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Print version ISSN 0102-695X
Rev. bras. farmacogn. vol.21 no.6 Curitiba Nov./Dec. 2011 Epub Sep 09, 2011
Abdullah I. HussainI,II; Farooq AnwarII; Shazia RasheedIII; Poonam S. NigamIII; Omar JannehIV; Satyajit D. SarkerV*
IDepartment of Chemistry, GC University, Pakistan
IISchool of Biomedical Sciences, University of Ulster, UK
IIIDepartment of Chemistry and Biochemistry, University of Agriculture, Pakistan
IVDepartment of Biomolecular and Sport Sciences, Coventry University, UK
VDepartment of Pharmacy, School of Applied Sciences, University of Wolverhampton, UK
The GC-MS analyses of Origanum majorana L. (OME) and Origanum vulgare L. (OVE), Lamiaceae, essential oils helped identification of 39 (96.4% of the total oils) and 43 (92.9% of the total oils) components, respectively. The major constituents of OME were terpinene-4-ol (20.9%), linalool (15.7%), linalyl-acetate (13.9%), limonene (13.4%) and α-terpineol (8.57%), whereas, thymol (21.6%), carvacrol (18.8%), o-cymene (13.5%) and α-terpineol (8.57%) were the main components of OVE. In the disc diffusion and the resazurin microtitre assays, OME showed better antibacterial activity than OVE with larger zones of inhibition (16.5-27.0 mm) and smaller MIC (40.9-1250.3 μg/mL) against the tested bacterial strains. Only OVE displayed anti-heme biocrystallization activity with an IC50 at 0.04 mg/mL. In the DPPH assay, OVE showed better radical-scavenging activity than OME (IC50=65.5 versus 89.2 μg/mL) and both OME and OVE inhibited lionleic acid oxidation. However, in the bleaching β-carotene assay, OVE exhibited better antioxidant activity than OME. In the MTT assay, OME was more cytotoxic than OVE against different cancer cell types, such as MCF-7, LNCaP and NIH-3T3, with IC50s of 70.0, 85.3 and 300.5 μg/mL, respectively. Overall, some components of OME and OVE may have antiparasitic and chemotherapeutic activity.
Keywords: antibacterial, antimalarial, antioxidant, cytotoxicity, Lamiaceae, Origanum
The genus Origanum L., Lamiaceae, comprises ca. 38 species of annual, perennial and shrubby herbs, most of which are native to or restricted to the eastern part of the Mediterranean area, Europe, Asia and North Africa (GRIN Taxonomy Database, 2010). This genus includes some important culinary herbs and medicinal plants, including Origanum vulgare L. (common name 'oregano') and Origanum majorana L. (common name 'sweet marjoram'). The antioxidant and other biological properties of the Origanum essential oils and extracts have recently been of great interest in both academia and food industries because of their antioxidant and antimicrobial potentials. Even though a few reports on the antimicrobial and antioxidant activities of the Origanum essential oils are available to date (Daferera et al., 2000; Esen et al., 2007; Busatta et al., 2008), the potential antimalarial activity of O. vulgare and O. majorana essential oils have never been investigated before. In continuation of our phytochemical and bioactivity studies on plants of Pakistani flora (Anwar et al., 2009), we now report on the potential antibacterial, antimalarial, antioxidant activities and cytotoxicities of the essential oils of O. vulgare and O. majorana using various in vitro assays. Composition of these essential oils determined by GC and GC-MS has also been reported here.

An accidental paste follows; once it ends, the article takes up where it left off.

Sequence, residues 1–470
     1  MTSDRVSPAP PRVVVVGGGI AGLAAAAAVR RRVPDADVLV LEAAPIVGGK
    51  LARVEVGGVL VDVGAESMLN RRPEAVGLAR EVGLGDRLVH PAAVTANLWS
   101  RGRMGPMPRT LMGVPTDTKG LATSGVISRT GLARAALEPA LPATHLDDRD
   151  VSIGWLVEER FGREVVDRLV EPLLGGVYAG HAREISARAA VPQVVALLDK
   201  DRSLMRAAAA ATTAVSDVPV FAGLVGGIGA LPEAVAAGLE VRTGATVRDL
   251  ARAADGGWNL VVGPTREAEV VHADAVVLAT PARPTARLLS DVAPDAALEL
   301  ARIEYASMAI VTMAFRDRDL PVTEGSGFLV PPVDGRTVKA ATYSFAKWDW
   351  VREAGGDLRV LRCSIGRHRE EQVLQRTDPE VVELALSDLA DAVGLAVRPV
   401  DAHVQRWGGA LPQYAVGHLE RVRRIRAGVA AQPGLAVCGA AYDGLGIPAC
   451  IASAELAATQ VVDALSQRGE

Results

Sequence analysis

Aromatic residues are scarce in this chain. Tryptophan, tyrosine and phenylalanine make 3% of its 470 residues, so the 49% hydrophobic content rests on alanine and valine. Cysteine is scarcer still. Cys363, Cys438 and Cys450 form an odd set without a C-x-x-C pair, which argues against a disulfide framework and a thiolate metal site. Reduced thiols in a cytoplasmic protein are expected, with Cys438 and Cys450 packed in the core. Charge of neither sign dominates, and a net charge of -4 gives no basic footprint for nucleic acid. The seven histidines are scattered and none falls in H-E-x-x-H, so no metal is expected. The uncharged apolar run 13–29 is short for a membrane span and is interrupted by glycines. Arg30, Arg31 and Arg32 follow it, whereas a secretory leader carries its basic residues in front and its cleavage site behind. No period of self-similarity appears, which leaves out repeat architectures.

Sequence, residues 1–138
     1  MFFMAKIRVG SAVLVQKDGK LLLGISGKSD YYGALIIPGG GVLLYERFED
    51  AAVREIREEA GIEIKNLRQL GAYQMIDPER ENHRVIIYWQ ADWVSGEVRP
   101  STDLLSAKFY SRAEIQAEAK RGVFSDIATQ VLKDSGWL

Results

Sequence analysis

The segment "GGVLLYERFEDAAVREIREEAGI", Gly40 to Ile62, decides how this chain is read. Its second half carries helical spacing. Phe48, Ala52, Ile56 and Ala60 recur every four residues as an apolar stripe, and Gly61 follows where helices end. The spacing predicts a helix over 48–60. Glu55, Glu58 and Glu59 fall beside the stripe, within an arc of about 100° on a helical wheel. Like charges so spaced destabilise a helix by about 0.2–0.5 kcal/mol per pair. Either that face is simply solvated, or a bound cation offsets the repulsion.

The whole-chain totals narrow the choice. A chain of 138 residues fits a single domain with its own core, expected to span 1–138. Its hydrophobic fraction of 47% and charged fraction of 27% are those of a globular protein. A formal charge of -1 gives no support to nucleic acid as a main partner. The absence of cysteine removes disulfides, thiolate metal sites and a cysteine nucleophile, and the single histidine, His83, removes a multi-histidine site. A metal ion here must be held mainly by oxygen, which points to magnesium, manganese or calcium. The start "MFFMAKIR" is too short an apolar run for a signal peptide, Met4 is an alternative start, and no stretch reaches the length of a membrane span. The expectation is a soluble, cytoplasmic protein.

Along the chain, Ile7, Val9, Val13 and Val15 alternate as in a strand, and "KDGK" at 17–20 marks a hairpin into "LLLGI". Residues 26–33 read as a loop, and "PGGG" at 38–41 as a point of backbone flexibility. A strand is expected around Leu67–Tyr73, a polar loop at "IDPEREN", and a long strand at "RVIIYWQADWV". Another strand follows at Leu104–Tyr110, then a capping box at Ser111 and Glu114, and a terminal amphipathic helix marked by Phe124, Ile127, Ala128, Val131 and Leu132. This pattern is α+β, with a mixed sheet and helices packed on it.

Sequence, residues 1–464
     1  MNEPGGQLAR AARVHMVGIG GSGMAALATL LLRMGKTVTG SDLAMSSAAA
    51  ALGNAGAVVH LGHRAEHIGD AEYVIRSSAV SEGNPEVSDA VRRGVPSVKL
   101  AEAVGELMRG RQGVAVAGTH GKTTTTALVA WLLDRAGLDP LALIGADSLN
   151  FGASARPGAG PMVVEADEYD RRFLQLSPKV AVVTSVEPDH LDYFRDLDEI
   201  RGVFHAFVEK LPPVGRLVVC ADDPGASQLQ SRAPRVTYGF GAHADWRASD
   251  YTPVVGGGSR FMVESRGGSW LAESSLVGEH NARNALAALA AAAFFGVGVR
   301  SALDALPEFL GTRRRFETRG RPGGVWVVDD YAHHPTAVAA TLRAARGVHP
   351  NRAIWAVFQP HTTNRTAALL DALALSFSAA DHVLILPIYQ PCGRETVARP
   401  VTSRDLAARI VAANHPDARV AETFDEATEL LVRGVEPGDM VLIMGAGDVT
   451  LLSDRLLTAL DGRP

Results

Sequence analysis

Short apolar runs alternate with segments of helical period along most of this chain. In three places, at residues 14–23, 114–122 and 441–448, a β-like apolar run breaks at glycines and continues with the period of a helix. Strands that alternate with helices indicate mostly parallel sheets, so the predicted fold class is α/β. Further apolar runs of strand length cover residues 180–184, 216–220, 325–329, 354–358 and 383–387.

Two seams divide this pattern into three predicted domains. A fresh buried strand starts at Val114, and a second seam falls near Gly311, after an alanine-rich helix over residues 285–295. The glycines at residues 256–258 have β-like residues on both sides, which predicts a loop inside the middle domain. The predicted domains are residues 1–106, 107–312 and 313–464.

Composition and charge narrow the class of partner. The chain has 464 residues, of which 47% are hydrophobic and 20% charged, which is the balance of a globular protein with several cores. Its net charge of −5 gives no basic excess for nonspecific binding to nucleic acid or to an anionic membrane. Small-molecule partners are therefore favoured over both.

Material and Methods
The aerial parts of cultivated Origanum majorana L. and Origanum vulgare L. (Lamiaceae) at the flowering stage were harvested in July-August 2008 from the Botanical Garden, University of Agriculture, Faisalabad, Pakistan. The plant specimens were further identified and authenticated by Dr Mansoor Hameed (Taxonomist), Department of Botany, University of Agriculture, Faisalabad, Pakistan, where the voucher specimens (O. majorana voucher no. 10473 and O. vulgare voucher no. 10476) were deposited. The plant materials were dried at the temperature not exceeding 35 °C for essential oil isolation.
Extraction of essential oils
The dried and finely ground (80 mesh) plant materials were subjected to hydro-distillation for 3 h using a Clevenger-type apparatus (Hussain et al., 2008). Distillates of essential oils were dried over anhydrous sodium sulfate (Merck, Darmstadt, Germany), filtered and stored at -4 °C until analyzed.
Gas chromatography (GC) analysis
The essential oils were analyzed using a Perkin-Elmer gas chromatograph model 8700, comprising flame ionization detector (FID) and HP-5MS capillary column (30 m x 0.25 mm, film thickness 0.25 μm). The injector and detector temperatures were set at 220 and 290 °C, respectively. The column oven temperature was programmed from 80 °C to 220 °C at the rate of 4 °C/min; initial and final temperatures were held for 3 and 10 min, respectively. Helium was used as carrier gas with a flow of 1.5 mL/min. A sample of 1.0 μL was injected, using the slit mode (split ratio, 1:100). All quantifications were done by a built-in data-handling program of the equipment used (Perkin-Elmer, Norwalk, CT, USA). The composition was reported as a relative percentage of the total peak area.
Gas chromatography-mass spectrometry (GC-MS) analysis